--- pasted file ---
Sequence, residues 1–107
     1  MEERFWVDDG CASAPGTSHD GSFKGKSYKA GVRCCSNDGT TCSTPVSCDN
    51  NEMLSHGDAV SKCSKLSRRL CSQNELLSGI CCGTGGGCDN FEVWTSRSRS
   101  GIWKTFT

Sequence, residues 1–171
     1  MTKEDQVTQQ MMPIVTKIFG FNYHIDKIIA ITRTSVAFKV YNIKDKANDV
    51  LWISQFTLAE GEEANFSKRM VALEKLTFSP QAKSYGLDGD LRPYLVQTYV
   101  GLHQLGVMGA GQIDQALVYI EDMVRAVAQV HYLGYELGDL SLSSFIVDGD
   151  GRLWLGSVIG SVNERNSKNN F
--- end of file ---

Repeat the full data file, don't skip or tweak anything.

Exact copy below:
Sequence, residues 1–107
     1  MEERFWVDDG CASAPGTSHD GSFKGKSYKA GVRCCSNDGT TCSTPVSCDN
    51  NEMLSHGDAV SKCSKLSRRL CSQNELLSGI CCGTGGGCDN FEVWTSRSRS
   101  GIWKTFT

Sequence, residues 1–171
     1  MTKEDQVTQQ MMPIVTKIFG FNYHIDKIIA ITRTSVAFKV YNIKDKANDV
    51  LWISQFTLAE GEEANFSKRM VALEKLTFSP QAKSYGLDGD LRPYLVQTYV
   101  GLHQLGVMGA GQIDQALVYI EDMVRAVAQV HYLGYELGDL SLSSFIVDGD
   151  GRLWLGSVIG SVNERNSKNN F